Christmas eve message: Living as a human

Christmas Eve – December 24, 2019

Scripture readings:

Luke 2:1–20

Isaiah 9:2–7

He was a miserable stingy grump.

It’s not that his life was miserable. Not at all. His life was going along just fine. He was rich. He was well–fed. He was warmly dressed. He had a comfortable place to live.

But he was a miserable, frugal penny-pincher.

His whole life had been devoted to one thing. To pursue money. He had learned from a very young age that if you don’t have money … well then, you have nothing.

So that’s what he did. He made sure he was making money. Quite a bit of it. He held on to his money—tightly. So tightly that his name has become a synonym for a cheapskate.

Was he happy? That’s a silly question. What does happiness have to do with it? He was making money. There wasn’t time to think about anything else. This was what life was for. This is what it meant to be human. Get all you can while you can.

And this miser was not likeable at all. Just ask anyone; they’d be happy to tell you. When they saw him coming, they avoided him at all costs.

And so his whole life went … until one fateful night.

On the other side of the world lives a young couple. She is very pregnant. He hovers protectively over her. They’re on the move—because of some stupid government decree.

This peasant couple can barely make it. They live hand to mouth and are completely at the mercy of those in power—the government, the landowners; the wealthy. Their future is uncertain, and they feel helpless in a game where the rules are skewed in favour of those who have power and wealth and don’t hesitate to use it for their own gain.

The best part of their lives is found in community. They live with other peasants, their families and friends, and share the few things they have.

Are they happy? They don’t have the time to even think about that. They’re just busy trying to make it through another day so they can sleep with a full tummy. Or at least a belly that isn’t completely empty.

And in just a few months, this young family of 3 will be a refugee family, one of the many families running away from abusive power.

But for now … they’ve travelled from their home up north. They’re staying with relatives who have welcomed them into their bare house, a couple of rooms with everyone crowding in around you.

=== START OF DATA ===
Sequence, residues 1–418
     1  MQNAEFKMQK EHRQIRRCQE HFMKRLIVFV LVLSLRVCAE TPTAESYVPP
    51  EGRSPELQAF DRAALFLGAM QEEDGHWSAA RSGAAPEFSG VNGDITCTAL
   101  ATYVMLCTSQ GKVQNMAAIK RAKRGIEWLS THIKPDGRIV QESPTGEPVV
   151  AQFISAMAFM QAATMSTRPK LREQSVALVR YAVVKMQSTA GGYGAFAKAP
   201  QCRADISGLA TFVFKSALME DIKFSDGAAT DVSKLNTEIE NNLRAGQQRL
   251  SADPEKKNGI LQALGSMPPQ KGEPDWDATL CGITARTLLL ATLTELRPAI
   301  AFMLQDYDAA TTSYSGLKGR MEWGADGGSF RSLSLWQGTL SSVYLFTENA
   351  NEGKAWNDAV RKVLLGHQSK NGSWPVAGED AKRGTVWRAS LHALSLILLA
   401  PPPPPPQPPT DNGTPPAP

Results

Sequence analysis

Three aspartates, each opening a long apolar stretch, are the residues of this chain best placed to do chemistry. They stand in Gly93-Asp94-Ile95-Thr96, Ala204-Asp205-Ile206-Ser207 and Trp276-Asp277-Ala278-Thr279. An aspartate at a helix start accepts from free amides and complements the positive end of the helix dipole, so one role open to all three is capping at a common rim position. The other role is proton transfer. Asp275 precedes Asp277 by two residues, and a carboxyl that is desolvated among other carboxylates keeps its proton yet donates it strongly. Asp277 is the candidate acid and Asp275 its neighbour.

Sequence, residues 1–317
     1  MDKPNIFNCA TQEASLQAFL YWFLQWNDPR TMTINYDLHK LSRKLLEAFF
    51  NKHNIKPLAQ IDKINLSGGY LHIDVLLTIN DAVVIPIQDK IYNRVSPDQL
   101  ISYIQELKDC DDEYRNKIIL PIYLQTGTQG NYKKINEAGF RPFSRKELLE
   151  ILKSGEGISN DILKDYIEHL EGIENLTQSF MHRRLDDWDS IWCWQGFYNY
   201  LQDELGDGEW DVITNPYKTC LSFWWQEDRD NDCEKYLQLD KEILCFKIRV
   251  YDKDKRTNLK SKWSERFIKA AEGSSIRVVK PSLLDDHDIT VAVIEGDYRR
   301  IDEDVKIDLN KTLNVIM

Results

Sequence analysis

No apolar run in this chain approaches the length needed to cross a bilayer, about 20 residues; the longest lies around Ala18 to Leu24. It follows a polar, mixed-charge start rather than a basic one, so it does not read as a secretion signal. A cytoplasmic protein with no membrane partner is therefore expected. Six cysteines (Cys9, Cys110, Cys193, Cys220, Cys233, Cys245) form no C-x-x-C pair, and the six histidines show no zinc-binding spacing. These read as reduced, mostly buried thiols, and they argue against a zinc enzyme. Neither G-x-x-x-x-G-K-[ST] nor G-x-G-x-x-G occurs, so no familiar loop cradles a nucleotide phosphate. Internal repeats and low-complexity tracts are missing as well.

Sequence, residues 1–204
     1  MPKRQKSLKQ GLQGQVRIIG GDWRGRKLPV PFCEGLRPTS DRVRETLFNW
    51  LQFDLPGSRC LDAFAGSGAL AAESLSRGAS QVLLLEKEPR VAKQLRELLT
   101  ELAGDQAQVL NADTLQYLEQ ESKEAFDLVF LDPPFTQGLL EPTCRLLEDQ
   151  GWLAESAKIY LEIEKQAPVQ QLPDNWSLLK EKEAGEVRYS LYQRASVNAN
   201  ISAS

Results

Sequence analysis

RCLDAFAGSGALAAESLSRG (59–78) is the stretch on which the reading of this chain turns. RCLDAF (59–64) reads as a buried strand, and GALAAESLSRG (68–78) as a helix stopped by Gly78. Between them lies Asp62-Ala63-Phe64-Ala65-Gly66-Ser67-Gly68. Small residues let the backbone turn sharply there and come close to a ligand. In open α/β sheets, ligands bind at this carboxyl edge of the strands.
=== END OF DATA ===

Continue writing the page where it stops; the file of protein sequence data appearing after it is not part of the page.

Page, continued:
This young family is well–cared–for, well–loved. The young woman gives birth to a baby boy. She wraps the infant in a linen cloth, not so soft, but the softest she can find. She lays him in the straw meant for the animals.

And this boy grows up and changes the world.

Two stories. Two parables. Side by side. The miserable stingy grump is Ebenezer Scrooge. We know his story well. It’s become part of our Christmas folklore.

The other is the story we tell tonight. Once again, we gather in mystery and awe to tell that familiar story. Once again, we sing the carols. Once again, we worship together, we eat and drink together, we hold the light together, and we wait for the light to break open our hearts so that we bear it as we go into the world.

The light of Christ is within us.

The boy who changes the world shows us something about what it means to live as a human. Charles Dickens knew something about that when he wrote A Christmas Carol. Scrooge learns in that fateful night that he had it all wrong. He learned something about being human.

Jean Vanier reminds us that there’s only one thing that really matters in life. It is relationship that matters. Do you love me? Do you love me as I am? And we give each other the gift of ourselves. Vanier tells us that we must always remember the “we”. That’s what it means to live as a human.

Scrooge was so wrapped up in the “I” that he had forgotten the “we”.

This boy who is born tonight … we dare to believe that He embodies God’s love. We dare to believe that he is an eternal sign of hope for all the world. He is the very definition of the “we”—forming a community of grace which, as it gathers in his name, welcomes and includes all people within the embrace of a loving and life–giving God.

What child is this? This child is the promise that God is with us in this broken world. This child is the promise that God is with us to comfort and heal. This child is the promise that God leads us into a new way of being, a new way of living as a human.

This child is God’s reckless promise that in the midst of brokenness, wholeness is actually possible.

This child shows us again and again what it means to live as a human. A human life, a truly human life, is marked by relationship, and it involves sacrifice and grace and love. It is a perfect love which seems long delayed. Christmas is waiting to be born: in you, in me in all of humankind. Jesus is the sign of God at work in us, making us fully human.

The shepherds, when they heard the good news, rushed to see it. When they had seen it, they cast off their fear and told everyone what they had heard and seen.

May we also, like those shepherds, cast off our fear and become God’s good news in the world. May we be the hands and feet of God in a world which needs to be loved and mended and comforted. May we be the light in the darkness.

 

Heinrich Grosskopf, Minister of Dayspring Presbyterian Church

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